When Novak Djokovic was just seven years old, he’d make his own Wimbledon trophy and imagine he was the best tennis player in the world.
As the Serb speaks about the journey he’s been on in the intervening 26 years, even he sounds somewhat incredulous at the point he’s arrived at. On Monday, Djokovic broke Roger Federer’s all-time record for the most weeks spent as the men’s world No.1, topping the ATP rankings for a combined 311 weeks.
Of all his accomplishments, which include 18 grand slams, five ATP Finals titles and numerous other records, Djokovic ranks this one among his favorites.
“Well, it’s just happiness, joy,” the 33-year-old tells CNN’s Christina Macfarlane of his emotions. “I mean, I am so thrilled and proud, very proud [of] this achievement and it’s kind of like a crown of all the achievements that I had in the last 15 or 15 plus years of [my] professional tennis career.
“On this special day, obviously, I go back in time and remember my humble beginnings, when I grabbed a racquet for the first time and the way I fell in love with the sport and the support that I had from my parents and people that helped me realize my dream. So, of course, I’m overjoyed with all the emotions.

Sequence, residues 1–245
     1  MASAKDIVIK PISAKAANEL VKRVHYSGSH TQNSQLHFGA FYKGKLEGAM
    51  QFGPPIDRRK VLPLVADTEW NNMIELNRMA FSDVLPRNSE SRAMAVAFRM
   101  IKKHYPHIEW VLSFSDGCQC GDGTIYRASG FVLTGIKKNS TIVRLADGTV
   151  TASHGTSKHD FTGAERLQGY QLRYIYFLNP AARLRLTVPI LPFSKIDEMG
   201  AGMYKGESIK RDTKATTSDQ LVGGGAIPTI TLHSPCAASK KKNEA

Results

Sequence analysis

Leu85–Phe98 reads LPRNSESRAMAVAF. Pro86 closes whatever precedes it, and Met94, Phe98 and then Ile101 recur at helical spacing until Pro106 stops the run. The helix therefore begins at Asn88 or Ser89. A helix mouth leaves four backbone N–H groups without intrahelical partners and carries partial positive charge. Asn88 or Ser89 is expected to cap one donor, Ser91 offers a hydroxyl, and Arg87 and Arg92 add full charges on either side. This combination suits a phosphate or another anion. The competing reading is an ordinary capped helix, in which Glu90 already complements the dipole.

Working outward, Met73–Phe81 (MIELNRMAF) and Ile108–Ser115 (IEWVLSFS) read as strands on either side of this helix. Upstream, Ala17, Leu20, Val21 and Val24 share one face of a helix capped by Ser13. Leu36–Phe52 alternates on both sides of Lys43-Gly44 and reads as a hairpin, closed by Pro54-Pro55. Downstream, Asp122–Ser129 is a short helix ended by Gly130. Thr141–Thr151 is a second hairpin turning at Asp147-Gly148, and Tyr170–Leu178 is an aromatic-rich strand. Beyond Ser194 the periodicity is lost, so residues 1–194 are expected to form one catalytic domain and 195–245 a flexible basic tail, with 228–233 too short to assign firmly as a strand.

“I think the reason for that is there are so many people here in Serbia where I am at the moment that have contacted me, that have congratulated me, that it made me feel that this is a celebration o the country and the city and not just my own.
“So I feel that has allowed me to more intrinsically and more profoundly live these emotions because I woke up today and it was kind of, you know, any other day where I stand up and I work and I go through my own routines and I didn’t feel the significance of it yet until I took my phone, until I started meeting people and then I realized: ‘Wow, it is a really special day and I’m very thankful for it.'”
Djokovic credits much of his success to his parents’ support and resilience. Despite growing up in war-torn Belgrade, Serbia, they still found a way to provide him with everything he needed to follow his dream of becoming a professional tennis player.
Looking back, if Djokovic could speak to his seven-year-old self — the boy who made his own Wimbledon’s winners’ wall in his bedroom — what would he tell him?
“That dreams are achievable,” he says. “Everything is possible if you dream big. You should dare to dream big, you shouldn’t get discouraged by what society or the surroundings are telling you if it’s opposing some of the big dreams that you are nurturing, that might make you happy, that really bring joy to you when you think about that, when you dream them.
“I’ve been so fortunate in my life to have parents that were very strong in the midst of the war and hardship that we were living through during the 90s and have their unconditional love and support to to play the sport that wasn’t even a tradition in our family or in our country.
“It was very expensive sport, but somehow they managed to do it, to actually buy me racquets and I could have a coach and I could have conditions that were fair enough or good enough for me to grow up to be a professional tennis player. So dreams do really come true.”